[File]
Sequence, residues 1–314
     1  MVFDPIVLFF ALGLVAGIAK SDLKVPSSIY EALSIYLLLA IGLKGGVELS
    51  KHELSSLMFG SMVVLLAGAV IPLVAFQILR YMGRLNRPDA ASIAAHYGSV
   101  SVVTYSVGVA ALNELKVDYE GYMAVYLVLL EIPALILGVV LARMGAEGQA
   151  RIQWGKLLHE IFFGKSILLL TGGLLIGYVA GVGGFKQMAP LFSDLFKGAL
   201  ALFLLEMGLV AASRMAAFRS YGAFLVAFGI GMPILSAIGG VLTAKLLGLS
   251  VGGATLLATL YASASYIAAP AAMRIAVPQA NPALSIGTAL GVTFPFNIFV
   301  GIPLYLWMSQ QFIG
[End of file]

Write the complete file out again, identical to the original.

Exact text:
Sequence, residues 1–314
     1  MVFDPIVLFF ALGLVAGIAK SDLKVPSSIY EALSIYLLLA IGLKGGVELS
    51  KHELSSLMFG SMVVLLAGAV IPLVAFQILR YMGRLNRPDA ASIAAHYGSV
   101  SVVTYSVGVA ALNELKVDYE GYMAVYLVLL EIPALILGVV LARMGAEGQA
   151  RIQWGKLLHE IFFGKSILLL TGGLLIGYVA GVGGFKQMAP LFSDLFKGAL
   201  ALFLLEMGLV AASRMAAFRS YGAFLVAFGI GMPILSAIGG VLTAKLLGLS
   251  VGGATLLATL YASASYIAAP AAMRIAVPQA NPALSIGTAL GVTFPFNIFV
   301  GIPLYLWMSQ QFIG